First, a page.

Naval Infantry Force

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Infantería de Marina
Escudo Infantería de Marina de México.svg
Naval Infantry emblem
Active 1822 – Present
Country  United Mexican States
Branch Mexican Navy
Type Naval infantry
Role Amphibious warfare
Size 20,000
Motto En la tierra, en el aire y en el mar (English: On land, air and sea)
Colors Scarlet
Anniversaries June 1, Marine Day
Commanders
Current
commander
Mariano Francisco Saynez Mendoza

The Naval Infantry Force (Spanish: 'Fuerza de Infantería de Marina') are the marine corps and amphibious infantry force of the Mexican Navy. The main task of the Infantería de Marina is to guarantee the maritime security of the country's ports and external and internal defense of the country. To accomplish these responsibilities, the corps is trained and equipped to take on any type of operations from Sea, Air and Land.[1]

The Naval Infantry Corps was reorganized in 2007–2009 into 30 Naval Infantry Battalions (Batallones de Infantería de Marina—BIM), a paratroop battalion, a battalion attached to the Presidential Guard Brigade, two Fast Reaction Forces with six battalions each, and three Special Forces groups.[2] The Naval Infantry are responsible for port security, protection of the ten-kilometer coastal fringe, and patrolling major waterways.

Mission[edit]

A Mexican Navy boarding team searches the German Navy combat support ship Frankfurt am Main (A-1412) for prohibited items during the maritime interdiction operation exercise portion of UNITAS Gold in April 2009.

To accomplish the necessary services and tasks, the Naval Infantry's overall responsibilities are to develop amphibious naval capabilities in the areas of operations of the Navy in order to mobilize naval troops immediately and decisively.

The Naval Infantry execute the following tasks:

  • Command and Control: Planning, preparation and conduct of operations.
  • Amphibious assault: To execute amphibious operations as part of a Naval Force.
  • Air assault: To run infiltration operations in areas of difficult access.
  • Amphibious command: To execute special operations such as: reconnaissance, incursions, urban combat and to support other regular operations.
  • Combat Support: To execute operations in support of artillery in the development of amphibious and other regular forces operations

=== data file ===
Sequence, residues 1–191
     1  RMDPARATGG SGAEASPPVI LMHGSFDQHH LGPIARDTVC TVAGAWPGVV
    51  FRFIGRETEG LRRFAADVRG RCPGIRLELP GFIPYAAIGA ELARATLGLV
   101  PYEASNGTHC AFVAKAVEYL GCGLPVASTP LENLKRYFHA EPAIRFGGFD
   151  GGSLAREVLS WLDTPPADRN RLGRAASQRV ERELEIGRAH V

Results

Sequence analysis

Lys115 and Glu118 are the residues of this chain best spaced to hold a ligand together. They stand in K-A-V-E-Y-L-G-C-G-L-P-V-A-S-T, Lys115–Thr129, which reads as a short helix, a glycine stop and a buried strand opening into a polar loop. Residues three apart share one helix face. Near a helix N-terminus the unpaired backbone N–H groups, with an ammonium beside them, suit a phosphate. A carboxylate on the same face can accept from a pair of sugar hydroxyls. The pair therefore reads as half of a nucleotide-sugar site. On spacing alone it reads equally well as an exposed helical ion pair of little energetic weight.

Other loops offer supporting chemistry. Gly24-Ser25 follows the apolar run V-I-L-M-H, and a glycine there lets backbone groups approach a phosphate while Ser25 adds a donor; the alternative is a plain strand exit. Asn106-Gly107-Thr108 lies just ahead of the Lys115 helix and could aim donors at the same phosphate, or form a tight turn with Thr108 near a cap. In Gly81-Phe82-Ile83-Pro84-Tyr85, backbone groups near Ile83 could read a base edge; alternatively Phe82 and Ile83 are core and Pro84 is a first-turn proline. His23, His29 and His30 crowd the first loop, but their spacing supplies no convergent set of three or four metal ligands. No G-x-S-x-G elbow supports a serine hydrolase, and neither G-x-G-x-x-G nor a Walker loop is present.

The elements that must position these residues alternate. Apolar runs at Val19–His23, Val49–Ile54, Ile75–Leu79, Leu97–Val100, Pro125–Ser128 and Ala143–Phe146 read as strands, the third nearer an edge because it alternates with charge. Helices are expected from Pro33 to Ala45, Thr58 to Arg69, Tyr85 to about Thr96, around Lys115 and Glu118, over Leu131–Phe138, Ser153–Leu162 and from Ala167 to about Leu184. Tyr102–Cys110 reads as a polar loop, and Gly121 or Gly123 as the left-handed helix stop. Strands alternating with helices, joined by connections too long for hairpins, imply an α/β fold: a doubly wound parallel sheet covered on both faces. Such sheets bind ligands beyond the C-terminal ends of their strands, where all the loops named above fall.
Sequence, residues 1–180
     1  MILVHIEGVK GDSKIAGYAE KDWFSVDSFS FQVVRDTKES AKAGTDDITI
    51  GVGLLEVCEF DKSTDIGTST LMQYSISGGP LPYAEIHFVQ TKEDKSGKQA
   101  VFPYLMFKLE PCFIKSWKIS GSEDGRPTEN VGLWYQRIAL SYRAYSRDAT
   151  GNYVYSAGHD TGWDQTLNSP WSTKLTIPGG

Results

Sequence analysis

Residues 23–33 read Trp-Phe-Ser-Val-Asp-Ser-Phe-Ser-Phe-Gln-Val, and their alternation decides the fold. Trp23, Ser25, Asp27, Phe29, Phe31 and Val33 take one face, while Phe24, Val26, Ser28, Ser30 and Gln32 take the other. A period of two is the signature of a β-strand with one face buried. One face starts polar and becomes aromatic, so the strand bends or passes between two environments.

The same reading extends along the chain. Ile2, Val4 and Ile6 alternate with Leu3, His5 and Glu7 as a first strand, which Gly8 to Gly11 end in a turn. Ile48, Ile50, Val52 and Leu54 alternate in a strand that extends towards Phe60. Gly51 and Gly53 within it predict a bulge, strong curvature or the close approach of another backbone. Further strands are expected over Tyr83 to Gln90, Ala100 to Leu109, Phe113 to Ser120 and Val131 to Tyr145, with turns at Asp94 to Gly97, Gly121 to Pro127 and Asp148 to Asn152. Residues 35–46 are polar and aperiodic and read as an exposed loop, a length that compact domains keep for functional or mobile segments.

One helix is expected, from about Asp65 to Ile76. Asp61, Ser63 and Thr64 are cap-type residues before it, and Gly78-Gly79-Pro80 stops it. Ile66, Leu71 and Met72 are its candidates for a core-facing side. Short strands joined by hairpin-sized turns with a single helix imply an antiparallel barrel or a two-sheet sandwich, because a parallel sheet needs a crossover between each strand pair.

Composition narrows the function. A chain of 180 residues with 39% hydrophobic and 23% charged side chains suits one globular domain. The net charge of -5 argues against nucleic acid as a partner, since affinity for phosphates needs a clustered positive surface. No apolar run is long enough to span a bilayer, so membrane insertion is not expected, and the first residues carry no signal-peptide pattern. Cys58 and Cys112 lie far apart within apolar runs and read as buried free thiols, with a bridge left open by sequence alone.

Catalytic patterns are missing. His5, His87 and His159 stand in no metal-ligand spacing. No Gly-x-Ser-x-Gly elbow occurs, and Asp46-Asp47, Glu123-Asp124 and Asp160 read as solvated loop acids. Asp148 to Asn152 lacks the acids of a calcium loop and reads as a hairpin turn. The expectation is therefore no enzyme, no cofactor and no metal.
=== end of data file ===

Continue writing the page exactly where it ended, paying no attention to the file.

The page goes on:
• Reconnaissance: Operations to obtain information to support operational units.
  • Immediate Response: To run operations in emergency situations, to help the civilian population.[3]

History[edit]

Mexican Marine on the main dock of Zihuatanejo, Mexico

Mexican Drug War[edit]

Main article: Mexican Drug War

Since the start of President Felipe Calderón's war on the drug cartels, the Infantería de Marina's role has grown from maritime port security to combating organized crime, drug trafficking, extermination of marijuana fields, drug interdictions at sea, and also participating in arrest of cartel suspects in land based operations.[4]

For the last three years the navy has carried out permanent intense anti-narcotic operations. Such task as the extermination of marijuana fields which mostly takes place in the north-western part of the country is done by first locating the fields by satellite or simply by air reconnaissance, then sending a team of marines to eradicate the cannabis plants.[5] One of its big seizures was in late October 2007, when navy personnel in a joint operation with other agencies seized 23 tons of cocaine in the port city of Manzanillo, Colima.[6][7] Due to its actions, the Navy and in kind the Naval Infantry Force has risen in stature in the United States.[8]

Narco submarine interception[edit]

Drug interdiction at sea is also part of the Navy's strategy to combat drug trafficking, this came to light when on July 16, 2008, the Navy intercepted a 10-metre (33 ft) long narco submarine travelling about 200 kilometres (120 mi) off the southwest of the state of Oaxaca; in a raid, Navy Special Forces rappelled from a helicopter on to the deck of the narco submarine and arrested four smugglers before they could scuttle their vessel. The vessel was found to be loaded with 5.8 tons of cocaine and was towed to Huatulco, Oaxaca, by a Navy patrol boat.[9][10][11][12][13]

Symbols[edit]

Emblem[edit]

Mexican Naval Infantry emblem
Marines Standard

The shield anchor, crossed with the carbine, has been part of the Naval Infantry since 1823. The shield of the Naval Infantry, as today, is the essence of their integration into the meaning of heraldry. Examples are the gold trim, which gives nobility, seriousness and elegance; the Admiralty anchor, which symbolizes belonging to the Navy; and finally crossed muskets, which were the weapons that our Marines had, strengthening our country as a nation-state, free and sovereign. Together they represent the dedication to serve Mexico by air, land and sea. The color red has always characterized the Marines around the world.

Standard[edit]

The Iconography of the Marines of Mexico has developed a description of the standard as follows: the center, the Marine Shield with its original colors, scarlet red cloth with gold-colored robes. In addition to being waved at official ceremonies, the flag of the Marines accompanying the forces in the Operations are entrusted, parades and camps of instruction. Moreover, it is waving in the offices of Command Units IM, General Coordinator of Marine and offices of the Secretary of the Navy.

Organization and role[edit]

The overall head of the Naval Infantry is the President of Mexico Enrique Peña Nieto, in his role as Commander-in-Chief of the Mexican Armed Forces. The development plan of the Ministry of the Navy presented by the Executive C. Secretary of the Navy admiral, stated that the Navy of Mexico should be properly organized, equipped and trained to anticipate and neutralize any internal or external threat.